An insight into the role played by henna-designer on festive occasions

Eid has come. Eid has gone. The month of IFTAR, cherished by the believers worldwide, is no more HEREAFTER… at least until the next year. Insha Allah.

The well-to-do believers put on new dresses fragrant with perfume. They attend prayers and meet their family members. The poor ones also find something to celebrate on this festive day assigned to them from the Heavens.

Gifts and Eidhi are exchanged by big and small. Well-fed and well-dressed, Eid greetings are flowing across telephones, mails and emails.

Every hand is colorful, Every heart is joyful…

The leader of the household (usually male) moves in and out of the home making all related purchases. The mother shows off her skill in preparing the dishes and serving them to the guests. The children are singing around in the neighborhood. The government officials are all over the media conveying greetings to counterparts and subjects. The Khatib is delivering the sermon at the mosque after the Eid prayers…

Everyone mentioned above is rewarded in one form or the other. At least they are given the credit for the roles they play. However on this blessed day, there is a silent character who is the focus of attention of almost the entire family and even the neighborhood in some cases. This person loses sleep, sometimes staying awake until late hours… the eyes get swollen so that other’s hearts in happiness are woven.

Every hand is colorful, Every heart is joyful…

This character is forgotten soon after the greenish paste leaves its traces of red on the palm. And the memories of the designer is washed off along with the paste on the palm. Mostly this character is a woman, although male artists also perform this ‘social service’. After all, the art of ‘beautiful attire’ is more aspiring for the female mind than masculine body.

When it comes to large closely-knit families, there is usually a common designer- at times it is a young member (‘coz maybe others are too busy in more serious work). She (since majority of designers are female) sits patiently for continuous hours, designing and re-designing hands after hands suiting the tastes of her ‘client’.

It may range from the picture of a flower or a toy, in the case of small kids. For older members, it maybe complex geometrical shapes whose symmetrical accuracy can be best measured in the eyes of the designer itself.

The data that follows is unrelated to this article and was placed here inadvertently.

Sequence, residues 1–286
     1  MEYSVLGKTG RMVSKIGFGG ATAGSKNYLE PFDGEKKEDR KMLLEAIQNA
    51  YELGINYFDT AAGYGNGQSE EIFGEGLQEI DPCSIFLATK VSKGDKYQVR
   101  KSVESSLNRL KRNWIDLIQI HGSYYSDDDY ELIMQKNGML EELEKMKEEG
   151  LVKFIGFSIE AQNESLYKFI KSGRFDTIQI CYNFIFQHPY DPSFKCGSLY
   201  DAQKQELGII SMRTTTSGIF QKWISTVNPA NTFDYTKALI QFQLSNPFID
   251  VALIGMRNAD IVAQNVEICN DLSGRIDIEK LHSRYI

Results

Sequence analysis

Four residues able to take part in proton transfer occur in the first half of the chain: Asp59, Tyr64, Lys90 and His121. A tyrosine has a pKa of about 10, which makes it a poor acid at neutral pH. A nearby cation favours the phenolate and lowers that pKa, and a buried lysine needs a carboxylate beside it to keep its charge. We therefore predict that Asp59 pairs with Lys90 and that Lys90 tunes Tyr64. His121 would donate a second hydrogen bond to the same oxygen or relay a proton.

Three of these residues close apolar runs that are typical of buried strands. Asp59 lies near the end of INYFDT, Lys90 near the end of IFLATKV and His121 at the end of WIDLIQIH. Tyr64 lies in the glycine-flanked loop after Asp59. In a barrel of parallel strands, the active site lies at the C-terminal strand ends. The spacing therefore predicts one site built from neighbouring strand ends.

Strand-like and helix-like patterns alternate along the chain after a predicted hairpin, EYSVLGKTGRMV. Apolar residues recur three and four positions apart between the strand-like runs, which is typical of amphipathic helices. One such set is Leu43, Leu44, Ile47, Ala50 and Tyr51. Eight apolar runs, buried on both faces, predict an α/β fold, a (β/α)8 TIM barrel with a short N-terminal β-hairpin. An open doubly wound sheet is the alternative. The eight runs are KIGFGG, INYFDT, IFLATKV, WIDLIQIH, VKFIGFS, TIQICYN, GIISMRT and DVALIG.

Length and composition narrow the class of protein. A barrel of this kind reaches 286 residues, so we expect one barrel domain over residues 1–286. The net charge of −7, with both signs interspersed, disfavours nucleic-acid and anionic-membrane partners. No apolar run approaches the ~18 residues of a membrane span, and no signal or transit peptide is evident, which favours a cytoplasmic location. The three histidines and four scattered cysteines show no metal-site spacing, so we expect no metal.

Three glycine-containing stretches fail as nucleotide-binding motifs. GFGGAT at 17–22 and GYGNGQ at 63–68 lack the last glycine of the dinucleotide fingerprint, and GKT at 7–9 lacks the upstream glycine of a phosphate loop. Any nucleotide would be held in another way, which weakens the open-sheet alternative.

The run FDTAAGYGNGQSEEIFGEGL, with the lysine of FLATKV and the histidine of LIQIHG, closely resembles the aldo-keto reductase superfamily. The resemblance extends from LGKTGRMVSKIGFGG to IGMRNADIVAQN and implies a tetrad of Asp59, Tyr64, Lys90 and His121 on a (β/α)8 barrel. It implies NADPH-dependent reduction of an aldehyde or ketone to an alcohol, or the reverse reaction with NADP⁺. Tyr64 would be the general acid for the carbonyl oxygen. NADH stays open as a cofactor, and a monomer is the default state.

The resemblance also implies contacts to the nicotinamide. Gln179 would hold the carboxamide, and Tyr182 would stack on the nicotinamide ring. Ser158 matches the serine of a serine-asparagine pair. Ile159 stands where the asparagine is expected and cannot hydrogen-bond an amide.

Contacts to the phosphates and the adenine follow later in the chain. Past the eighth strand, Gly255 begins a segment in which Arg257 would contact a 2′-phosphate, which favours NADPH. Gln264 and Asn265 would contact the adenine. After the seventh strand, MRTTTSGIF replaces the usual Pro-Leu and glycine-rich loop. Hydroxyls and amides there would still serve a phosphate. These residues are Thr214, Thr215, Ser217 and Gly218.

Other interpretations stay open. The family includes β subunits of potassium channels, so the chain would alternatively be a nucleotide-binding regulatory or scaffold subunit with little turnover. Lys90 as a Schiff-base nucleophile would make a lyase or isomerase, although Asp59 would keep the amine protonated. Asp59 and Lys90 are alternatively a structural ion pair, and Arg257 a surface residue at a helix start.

Seated sometimes on a bench, sometimes on the floor; sometimes the ‘palm-canvas’ is held near, sometime at a distance… she breaks her back staying STILL so that the henna off the hand doesn’t SPILL.

But what is interesting here is not the physical sacrifices, but the psychology involved in rendering such a ‘service’. The very art of putting henna brings more happiness than presenting a bouquet of flowers. Imagine an Eid without Henna (at least in this modern fashion-conscious age). By itself, it doesn’t stand out, against the costumes and dishes of Eid. Yet, henna is crucial, at least within the walls of the home.

Every hand is colorful, Every heart is joyful…

This henna art, however little it may seem, is a means of making other hearts happy. And I personally do not believe that such happiness arises from the geometrical shapes. Rather it originates from the beauty (or the perception of beauty) residing in the heart of the designer. The geometrical shapes, consisting of arcs and circles and more, are mere reflections of the beauty of the artist’s heart. And ultimately it is that beauty that brings joy for whom it is designed. All artists, like the henna artist, are storehouses of beauty perceived in their own right.

Taking the topic a step higher, it is AS IF her art is a ‘Sadaqah’ (Charity) for it brings ‘smile’ on whom it is designed as well as those who see it. This ‘AS IF’ argument comes to my mind when I recall the teachings of that Adorable Teacher of Culture’ that even a smile is a sadaqah, not just giving money or foodstuff. Viewed from this perspective, in the economics of ‘DotHeat’ world, a henna artist is a major contributor to the GDP.

And every henna artist should be grateful to the Lord that He has blessed them with the capacity to make others happy via the henna art. What else can an artist ask for?

A poet makes the ‘poor hearts’ cry,
A musician makes the lovers sigh,
And this artist makes young hearts fly

The designer may feel tired and exhausted at the end of the day, but as an artist confessed,

“You feel so content for making their innocent hearts happy. Just to see their chweeeeeeet smiles on their cute little faces”.

Henna and DEATH!

But so much said about the henna artist… what about the henna plant itself? Do they convey the same message?

The henna definitely is a symbol of joy and festival. It is the what brightens the smile on the face of the bride. But what is the case with henna plant?

It reminds me one of the most dreadful realities of life: DEATH! The henna plant (known as Mehendi in some parts) grows in the vicinity of GRAVEYARDS, the least visited destination in our modern lifestyle. The plant grows well there, as if it is sucking the blood from the corpse lying below it.

What an irony… that the leaves of such plant is what brings joy on our festivals!

Let me guess.

Is this the hidden Wisdom of the Most Wise Creator?

Maybe. ‘Only Allah Knows’, as my friend says.

Every hand is colorful, Every heart is joyful…

But who will put henna for the designer?

Dec 25, 2001